A tale of two students...
In the last century, two girls, born barely five months apart and related by degrees, had parents who chose to live near each other hoping the girls would become friends.
And they did—running through sprinklers together in summer’s heat; playing board games indoors in inclement weather; going to nearby parks. They learned to dance the latest dances with the boy who lived in the house between them and another who delivered their newspapers.
One girl, a fan of reading (“the reader”), was thrilled when old enough to walk to the library alone to bring home stacks of books, some from outside the “children’s section” because of the interesting titles or covers. The other (“pianist”), taking after her mother, learned to play piano.
The reader, too, was “encouraged” (pressured!) to take piano lessons where she had to be further encouraged (okay, bribed with autographed stars’ photos) to learn for recitals because to play she had to memorize notes and memorizing was not how she learned. The pianist played as if music were literally in her fingers.
They walked to grammar school together, the reader responsible to get the pianist to school because as good as she played, she was a bit scattered in getting out the door. Scattered though she was, the pianist had top grades while the reader struggled to memorize the dates, names, and numbers required to pass the tests to move to the next grade.
The reader found a role as a leader, becoming the first seventh grader to ever be president of the public “K-8” (kindergarten to 8th grade) school’s student council.
In high school, the pianist was popular, in the Honor Society, and graduated near the top of the class. The reader still struggled to pass tests that required memorizing and spitting back facts. She excelled at classes with a few teachers who told stories and related, with stories, the lessons taught.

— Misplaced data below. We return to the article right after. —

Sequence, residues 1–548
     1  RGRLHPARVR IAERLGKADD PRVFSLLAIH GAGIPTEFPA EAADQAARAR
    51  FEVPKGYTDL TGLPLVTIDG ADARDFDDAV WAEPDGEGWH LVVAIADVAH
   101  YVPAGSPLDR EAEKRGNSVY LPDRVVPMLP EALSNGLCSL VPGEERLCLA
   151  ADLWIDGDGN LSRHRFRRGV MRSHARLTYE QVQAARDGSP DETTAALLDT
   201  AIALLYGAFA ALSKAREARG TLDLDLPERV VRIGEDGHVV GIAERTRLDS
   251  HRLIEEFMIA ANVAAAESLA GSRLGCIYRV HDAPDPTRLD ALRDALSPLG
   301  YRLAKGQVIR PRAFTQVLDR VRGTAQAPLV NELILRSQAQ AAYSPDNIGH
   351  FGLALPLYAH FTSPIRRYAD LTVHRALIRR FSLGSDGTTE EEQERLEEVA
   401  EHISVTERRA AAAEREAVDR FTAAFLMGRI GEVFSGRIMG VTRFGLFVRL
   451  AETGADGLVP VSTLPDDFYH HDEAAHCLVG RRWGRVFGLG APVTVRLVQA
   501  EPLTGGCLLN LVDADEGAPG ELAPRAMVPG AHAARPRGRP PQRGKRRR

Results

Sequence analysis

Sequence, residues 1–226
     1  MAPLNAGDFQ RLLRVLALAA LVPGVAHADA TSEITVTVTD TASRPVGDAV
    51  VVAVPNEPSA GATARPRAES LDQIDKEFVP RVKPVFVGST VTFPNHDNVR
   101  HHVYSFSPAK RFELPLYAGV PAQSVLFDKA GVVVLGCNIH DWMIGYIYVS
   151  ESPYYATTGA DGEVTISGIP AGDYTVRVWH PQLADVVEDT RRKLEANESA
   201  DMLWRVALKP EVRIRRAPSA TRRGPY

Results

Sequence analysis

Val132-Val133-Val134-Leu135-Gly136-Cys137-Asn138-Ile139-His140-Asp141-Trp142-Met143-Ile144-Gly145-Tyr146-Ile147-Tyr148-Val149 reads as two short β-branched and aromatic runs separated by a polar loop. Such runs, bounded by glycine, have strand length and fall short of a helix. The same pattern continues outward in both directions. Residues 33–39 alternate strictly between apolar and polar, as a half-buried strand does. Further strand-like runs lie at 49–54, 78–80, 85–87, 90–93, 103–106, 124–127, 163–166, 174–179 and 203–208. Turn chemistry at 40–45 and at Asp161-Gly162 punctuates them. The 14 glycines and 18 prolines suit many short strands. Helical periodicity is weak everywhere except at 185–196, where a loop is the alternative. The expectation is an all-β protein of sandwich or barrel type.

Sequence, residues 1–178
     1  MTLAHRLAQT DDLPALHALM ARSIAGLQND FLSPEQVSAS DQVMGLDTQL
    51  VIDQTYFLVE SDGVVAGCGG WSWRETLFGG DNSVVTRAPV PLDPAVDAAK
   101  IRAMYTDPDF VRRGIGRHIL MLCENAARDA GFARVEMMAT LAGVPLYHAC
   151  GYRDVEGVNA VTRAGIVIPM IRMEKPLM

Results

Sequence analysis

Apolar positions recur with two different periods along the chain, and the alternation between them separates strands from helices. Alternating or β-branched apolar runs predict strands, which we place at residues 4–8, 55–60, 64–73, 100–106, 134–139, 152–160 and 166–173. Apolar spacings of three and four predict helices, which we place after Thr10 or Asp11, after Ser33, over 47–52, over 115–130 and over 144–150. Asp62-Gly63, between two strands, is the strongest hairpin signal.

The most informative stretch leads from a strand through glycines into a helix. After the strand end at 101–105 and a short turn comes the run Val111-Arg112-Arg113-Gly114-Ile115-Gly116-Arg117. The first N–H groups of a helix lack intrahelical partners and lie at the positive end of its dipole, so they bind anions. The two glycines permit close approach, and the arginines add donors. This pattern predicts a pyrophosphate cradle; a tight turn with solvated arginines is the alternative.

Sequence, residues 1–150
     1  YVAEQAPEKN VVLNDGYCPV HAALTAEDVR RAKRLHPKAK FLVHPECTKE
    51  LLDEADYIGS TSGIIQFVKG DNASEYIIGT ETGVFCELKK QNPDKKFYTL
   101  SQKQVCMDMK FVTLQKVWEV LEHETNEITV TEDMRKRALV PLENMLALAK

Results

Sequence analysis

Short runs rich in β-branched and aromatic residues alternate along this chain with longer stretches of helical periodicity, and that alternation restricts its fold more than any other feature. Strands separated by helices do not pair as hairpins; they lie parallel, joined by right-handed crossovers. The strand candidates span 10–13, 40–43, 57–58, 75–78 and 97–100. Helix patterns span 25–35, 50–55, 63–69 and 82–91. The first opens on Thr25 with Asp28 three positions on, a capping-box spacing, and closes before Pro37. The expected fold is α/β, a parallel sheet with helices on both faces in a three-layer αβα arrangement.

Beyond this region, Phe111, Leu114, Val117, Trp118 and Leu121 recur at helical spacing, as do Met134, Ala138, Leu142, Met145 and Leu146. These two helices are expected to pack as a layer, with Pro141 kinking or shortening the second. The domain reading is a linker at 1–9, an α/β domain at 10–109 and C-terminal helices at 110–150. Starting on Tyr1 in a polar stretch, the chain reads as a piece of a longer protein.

During study hall, and though she didn’t take art classes, our reader sat in the art teacher’s room. Surrounded by music and visuals, she read required lessons and absorbed more than in a study hall, a large room with rows and rows of chairs in straight rows. The memorable surroundings contributed to her concentration.
Both girls went to college. The pianist excelled at her classes, graduating to teach high school French.
The reader knew from day one when registering for college classes that this was not for her. Freshman, required to take a language, would be required to memorize, like memorizing piano notes for recitals and facts to pass tests in past schooling.
She thought “if this is truly ‘higher education’ and I’m paying my way, I’ll take Greek,” believing she’d learn about a culture and history while still learning enough of the language to pass exams. “No,” they said. “Only upper classmen are allowed to take Greek.”
She diligently went to her classes, typing others’ papers and doing their laundry to fund her schooling and not disappoint her family. She found her niche in leadership roles for on- and off-campus organizations. She learned her strengths, she took more college and other classes, and went on to a diverse path that lead her to events, meetings, hospitality, and teaching.
What was the point of that story?
Smiling: Some of you want this to get to bulleted information to provide the “answers”—the “how to” for meetings or to sell products or services, find a job or excel in a job.
It took many years for the reader—the life-long learner, she later understood to call herself (noted here by Jeffrey Cufaude in a TEDX talk—you figured out it was me, didn’t you?) to understand how she learned: through illustrations, surroundings, connections, stories and applications.